Holes in public investments and revenues


Cuts to public investments and social programs secured the government a 2017 primary surplus overrun that was even higher than that projected as recently as November. That overrun was then used to boost the government’s image through handouts such as the social dividend.

According to the provisional figures for the whole of 2017, released midnight on Monday, the primary surplus came to 1.967 billion euros, against a target included in the 2018 budget for 877 million euros, an overrun of 1.09 billion.

Budget spending amounted to 55.515 billion euros, compared to a target included in this year’s budget for 57.265 billion. Public Investments Program expenditure came to just 5.95 billion euros, compared to a projected 6.75 billion that the 2018 budget had said would have been fully invested. A few days after the budget was voted through Parliament, Alternate Economy Minister Alexis Haritsis said there would be a shortfall of 500 million euros in the program’s spending, although that figure eventually turned out to be 800 million.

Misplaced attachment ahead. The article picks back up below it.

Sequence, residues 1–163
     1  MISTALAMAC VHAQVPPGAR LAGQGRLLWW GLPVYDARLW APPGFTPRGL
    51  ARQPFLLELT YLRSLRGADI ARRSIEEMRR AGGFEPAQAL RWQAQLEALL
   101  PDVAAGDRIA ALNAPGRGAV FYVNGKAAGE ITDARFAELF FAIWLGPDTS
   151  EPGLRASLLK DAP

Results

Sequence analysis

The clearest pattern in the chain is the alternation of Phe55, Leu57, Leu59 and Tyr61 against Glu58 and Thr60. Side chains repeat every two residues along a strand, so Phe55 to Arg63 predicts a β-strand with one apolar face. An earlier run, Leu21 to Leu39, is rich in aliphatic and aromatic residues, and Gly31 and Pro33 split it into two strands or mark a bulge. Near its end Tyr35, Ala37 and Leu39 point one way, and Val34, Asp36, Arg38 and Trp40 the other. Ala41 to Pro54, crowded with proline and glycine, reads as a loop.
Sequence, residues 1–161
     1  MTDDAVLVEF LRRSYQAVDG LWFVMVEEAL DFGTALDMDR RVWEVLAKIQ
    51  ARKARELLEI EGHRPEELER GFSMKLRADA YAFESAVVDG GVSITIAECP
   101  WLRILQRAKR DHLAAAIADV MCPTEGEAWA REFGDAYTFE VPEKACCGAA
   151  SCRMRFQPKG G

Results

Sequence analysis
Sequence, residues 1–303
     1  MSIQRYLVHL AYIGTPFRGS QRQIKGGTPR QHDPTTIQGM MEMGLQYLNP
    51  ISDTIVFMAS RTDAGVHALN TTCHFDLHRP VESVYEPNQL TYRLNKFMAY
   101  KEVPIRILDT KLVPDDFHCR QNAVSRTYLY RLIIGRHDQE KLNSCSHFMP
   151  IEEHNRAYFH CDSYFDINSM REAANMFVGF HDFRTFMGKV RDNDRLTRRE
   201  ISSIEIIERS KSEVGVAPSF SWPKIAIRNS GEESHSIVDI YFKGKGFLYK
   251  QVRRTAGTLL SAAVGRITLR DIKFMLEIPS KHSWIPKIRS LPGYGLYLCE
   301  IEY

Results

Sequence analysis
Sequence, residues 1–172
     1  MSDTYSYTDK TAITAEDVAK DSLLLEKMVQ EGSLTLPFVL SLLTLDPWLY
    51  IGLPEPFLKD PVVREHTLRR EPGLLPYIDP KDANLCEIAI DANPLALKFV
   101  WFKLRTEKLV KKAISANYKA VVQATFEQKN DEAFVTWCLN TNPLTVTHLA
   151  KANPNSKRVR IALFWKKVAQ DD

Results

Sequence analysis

The government had promised the country’s creditors that it would hold on to any primary surplus overrun – apart from the social dividend handout – as a cash reserve ahead of the definitive results of the 2017 financial year in April 2018.

Net revenues were 868 million euros below target. The revenues of the Public Investments Program were 978 million short and takings from privatizations were off by 247 million, while regular budget revenues came in 110 million euros above target.

Commenting on the course of the investments program, former New Democracy ministers Christos Staikouras and Dora Bakoyannis noted that, given the shortfall in the program’s spending in 2016 too, “the government has deprived the real  economy of 1.3 billion euros within two years, in order to produce a needlessly high as well as harmful primary surplus.” They added that there are no prospects for growth without investments, public or private.